Why Use an LLC for Real Estate?

A limited liability company (LLC) is ideally suited for real estate applications.  LLCs provide their members (owners) the shield of limited liability like corporations yet have the flexibility and pass-through treatment of partnerships for income tax purposes.  A significant advantage of an LLC is the protection of limited liability it affords its members.  Generally, no LLC member (owner) will be personally liable for any debts or obligations of the LLC beyond the member’s investment in the LLC.  For the most part, the LLC’s debts must be satisfied out of the LLC’s assets.

Pass-through tax treatment is a must for most real estate ventures. This means that only one level of income tax is imposed on the profits and gains from the venture.  Since LLCs are pass-through entities for tax purposes, the LLC itself will not be subject to income tax.  Instead, the profits and gains from the LLC will be taxed to its members, based on percentage ownership.

There is another, more critical tax issue.  If planned correctly, land and other real estate can be pulled out of an LLC or a partnership without any income tax.  That is not the case with a corporation. Property distributed out of a corporation is a taxable event, causing income tax on the value of the property distributed over the cost basis in the shares of the corporation.  In many real estate deals, this flexibility is needed to be able to pull the property back out of the entity without any income tax.

Flexibility is a big advantage of LLCs over other business forms.  LLCs offer two basic structures: member-management or manager-management. Within those two structures, almost any desired structure can be put together.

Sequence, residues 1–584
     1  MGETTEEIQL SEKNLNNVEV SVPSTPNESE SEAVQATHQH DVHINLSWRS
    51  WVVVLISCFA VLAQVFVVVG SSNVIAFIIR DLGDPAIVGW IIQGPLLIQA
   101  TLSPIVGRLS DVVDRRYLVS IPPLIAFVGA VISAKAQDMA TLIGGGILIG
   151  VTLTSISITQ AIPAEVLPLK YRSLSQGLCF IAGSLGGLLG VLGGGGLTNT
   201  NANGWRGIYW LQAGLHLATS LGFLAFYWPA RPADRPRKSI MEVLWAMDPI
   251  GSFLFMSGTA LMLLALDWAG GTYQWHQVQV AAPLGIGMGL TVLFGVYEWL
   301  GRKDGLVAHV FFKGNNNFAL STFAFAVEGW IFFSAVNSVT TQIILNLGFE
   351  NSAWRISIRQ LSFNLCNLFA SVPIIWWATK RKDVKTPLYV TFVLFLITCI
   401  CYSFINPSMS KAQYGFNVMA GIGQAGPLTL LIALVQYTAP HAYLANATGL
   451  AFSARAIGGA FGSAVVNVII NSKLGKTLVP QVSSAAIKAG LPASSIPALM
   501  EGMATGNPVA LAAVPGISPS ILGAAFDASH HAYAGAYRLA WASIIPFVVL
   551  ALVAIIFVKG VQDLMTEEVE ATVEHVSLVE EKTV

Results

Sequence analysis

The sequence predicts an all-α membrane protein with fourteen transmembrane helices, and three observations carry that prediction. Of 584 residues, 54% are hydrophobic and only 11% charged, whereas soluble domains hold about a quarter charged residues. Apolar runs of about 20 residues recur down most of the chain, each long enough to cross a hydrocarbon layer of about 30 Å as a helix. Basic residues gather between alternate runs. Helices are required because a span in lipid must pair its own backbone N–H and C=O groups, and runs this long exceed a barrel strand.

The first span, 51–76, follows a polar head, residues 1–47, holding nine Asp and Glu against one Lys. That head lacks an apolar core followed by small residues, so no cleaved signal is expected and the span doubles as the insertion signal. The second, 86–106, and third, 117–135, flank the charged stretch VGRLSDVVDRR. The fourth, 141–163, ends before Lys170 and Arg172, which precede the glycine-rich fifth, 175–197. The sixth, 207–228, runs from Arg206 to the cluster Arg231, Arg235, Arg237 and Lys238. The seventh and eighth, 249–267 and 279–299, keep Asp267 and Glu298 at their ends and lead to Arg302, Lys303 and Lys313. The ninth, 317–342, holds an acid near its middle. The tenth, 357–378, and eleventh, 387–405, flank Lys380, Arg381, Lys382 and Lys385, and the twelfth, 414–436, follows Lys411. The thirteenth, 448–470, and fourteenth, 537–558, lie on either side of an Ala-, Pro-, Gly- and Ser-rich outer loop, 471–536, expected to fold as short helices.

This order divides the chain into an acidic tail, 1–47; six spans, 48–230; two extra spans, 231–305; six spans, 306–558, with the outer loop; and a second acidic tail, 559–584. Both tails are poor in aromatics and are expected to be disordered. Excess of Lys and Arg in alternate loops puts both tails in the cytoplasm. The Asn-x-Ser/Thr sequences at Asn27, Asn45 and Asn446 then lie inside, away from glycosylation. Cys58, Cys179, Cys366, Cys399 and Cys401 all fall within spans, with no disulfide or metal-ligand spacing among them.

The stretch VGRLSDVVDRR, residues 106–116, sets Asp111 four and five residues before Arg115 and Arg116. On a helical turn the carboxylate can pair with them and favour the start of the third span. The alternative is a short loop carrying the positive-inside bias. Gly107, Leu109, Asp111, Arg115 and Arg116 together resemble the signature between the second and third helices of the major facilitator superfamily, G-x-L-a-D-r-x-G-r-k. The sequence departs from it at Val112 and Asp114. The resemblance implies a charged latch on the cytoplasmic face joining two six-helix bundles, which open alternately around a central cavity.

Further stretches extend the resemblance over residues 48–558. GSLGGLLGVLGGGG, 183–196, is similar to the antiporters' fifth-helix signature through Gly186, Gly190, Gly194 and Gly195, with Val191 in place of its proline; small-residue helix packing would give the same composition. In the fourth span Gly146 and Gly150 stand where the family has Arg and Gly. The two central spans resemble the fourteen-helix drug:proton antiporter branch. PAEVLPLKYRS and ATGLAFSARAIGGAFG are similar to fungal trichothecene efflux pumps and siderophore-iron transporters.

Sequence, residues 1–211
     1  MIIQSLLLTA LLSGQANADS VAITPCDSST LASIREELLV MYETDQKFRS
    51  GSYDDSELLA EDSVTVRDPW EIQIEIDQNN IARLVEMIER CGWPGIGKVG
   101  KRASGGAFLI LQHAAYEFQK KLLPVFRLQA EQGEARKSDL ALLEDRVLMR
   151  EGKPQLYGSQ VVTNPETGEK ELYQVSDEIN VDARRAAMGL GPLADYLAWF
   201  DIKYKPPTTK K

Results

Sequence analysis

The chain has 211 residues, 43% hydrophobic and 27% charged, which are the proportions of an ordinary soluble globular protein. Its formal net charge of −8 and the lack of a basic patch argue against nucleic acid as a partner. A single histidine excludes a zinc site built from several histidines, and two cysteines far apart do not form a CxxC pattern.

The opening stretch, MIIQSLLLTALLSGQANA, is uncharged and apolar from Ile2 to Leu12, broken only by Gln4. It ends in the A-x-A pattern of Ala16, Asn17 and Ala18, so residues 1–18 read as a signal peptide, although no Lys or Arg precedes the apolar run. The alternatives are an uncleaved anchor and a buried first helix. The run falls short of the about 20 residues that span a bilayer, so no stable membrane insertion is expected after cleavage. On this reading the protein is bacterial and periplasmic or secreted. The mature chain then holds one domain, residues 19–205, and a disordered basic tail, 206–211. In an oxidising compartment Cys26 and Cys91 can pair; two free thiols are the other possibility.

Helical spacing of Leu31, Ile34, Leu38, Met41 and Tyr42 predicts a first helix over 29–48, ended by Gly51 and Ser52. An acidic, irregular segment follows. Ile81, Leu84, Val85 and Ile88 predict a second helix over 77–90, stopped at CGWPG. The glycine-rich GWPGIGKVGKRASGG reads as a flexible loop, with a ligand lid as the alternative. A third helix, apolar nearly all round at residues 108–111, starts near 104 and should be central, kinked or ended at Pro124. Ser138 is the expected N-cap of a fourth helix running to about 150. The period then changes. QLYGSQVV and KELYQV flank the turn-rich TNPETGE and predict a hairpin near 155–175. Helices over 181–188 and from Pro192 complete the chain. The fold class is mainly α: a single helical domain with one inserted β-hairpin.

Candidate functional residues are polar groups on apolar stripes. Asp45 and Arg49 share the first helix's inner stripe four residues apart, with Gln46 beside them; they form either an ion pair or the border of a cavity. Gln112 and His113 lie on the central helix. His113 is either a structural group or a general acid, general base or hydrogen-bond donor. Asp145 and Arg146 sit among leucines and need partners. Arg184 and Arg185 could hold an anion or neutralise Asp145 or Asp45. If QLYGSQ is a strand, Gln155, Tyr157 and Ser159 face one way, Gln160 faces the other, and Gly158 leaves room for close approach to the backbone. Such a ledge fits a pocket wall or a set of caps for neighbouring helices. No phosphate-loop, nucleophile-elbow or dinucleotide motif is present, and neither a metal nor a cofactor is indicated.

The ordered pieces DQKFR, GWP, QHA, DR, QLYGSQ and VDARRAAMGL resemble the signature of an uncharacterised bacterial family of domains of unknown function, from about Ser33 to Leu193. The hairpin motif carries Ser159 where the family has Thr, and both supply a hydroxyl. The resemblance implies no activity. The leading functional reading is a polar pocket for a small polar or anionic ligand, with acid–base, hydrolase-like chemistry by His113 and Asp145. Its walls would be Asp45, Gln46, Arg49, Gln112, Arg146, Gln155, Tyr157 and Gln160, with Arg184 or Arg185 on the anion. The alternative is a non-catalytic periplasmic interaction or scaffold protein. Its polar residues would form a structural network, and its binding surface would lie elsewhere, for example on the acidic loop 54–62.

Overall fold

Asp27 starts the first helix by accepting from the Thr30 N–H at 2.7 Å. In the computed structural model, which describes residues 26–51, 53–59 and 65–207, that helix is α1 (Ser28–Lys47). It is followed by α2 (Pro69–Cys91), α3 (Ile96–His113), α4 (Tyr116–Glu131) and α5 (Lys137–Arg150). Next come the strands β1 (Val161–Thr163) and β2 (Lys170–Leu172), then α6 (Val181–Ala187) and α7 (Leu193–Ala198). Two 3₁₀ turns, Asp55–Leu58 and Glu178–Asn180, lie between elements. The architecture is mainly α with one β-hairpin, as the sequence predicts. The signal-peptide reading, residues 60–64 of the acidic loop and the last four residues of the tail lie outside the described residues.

Take a real estate development example. Suppose that a proposed real estate development involves 5 different players–the land owner, the money person (investor or lender), the construction company, the marketing company and the developer.  By using an LLC as the entity, the needs of each of the players could be recognized with each getting paid for his contribution plus a portion of the net profits:

  • landowner puts in land and will get $25,000 per acre plus 35% of net profits
  • money person puts in money and will get back his money with 8% interest plus 5% of net profits
  • construction company does the construction work and will get back its out-of-pocket construction costs plus 20% of net profits
  • marketing company sells the finished lots or units and will get 3% of sales plus 5% of net profits
  • developer designs the project, does the re-zoning and all entitlement work, and supervises the entire project to completion and will get back its out-of-pocket costs plus 35% of net profits

The LLC Operating Agreement could include these provisions and make the developer the manager of the LLC.  This same structure would be very difficult to achieve in a corporate structure.

Take an investment example. Suppose an investor and a landowner decide to team up. The investor pays the landowner a threshold price per acre up front–say, $15,000 per acre–and they agree to split the future profits from sale of the land 50/50 after the investor is first repaid his initial investment in the land.  An LLC could easily accommodate this deal.  It would be difficult in a corporate structure.

Or take a simpler example. Suppose a landowner builds an apartment house on his land and wants to hold the finished project indefinitely. He doesn’t want to pay any unnecessary income taxes.  An LLC would fit the bill here.  The LLC offers limited liability to the owner for accidents that could happen on the project yet provides a pass-through of all income, gains and deductions from the project for income tax purposes.

Thus, the LLC form is an ideal entity for real estate applications.

To obtain the full benefits of the LLC form, advice and assistance from a competent lawyer are essential.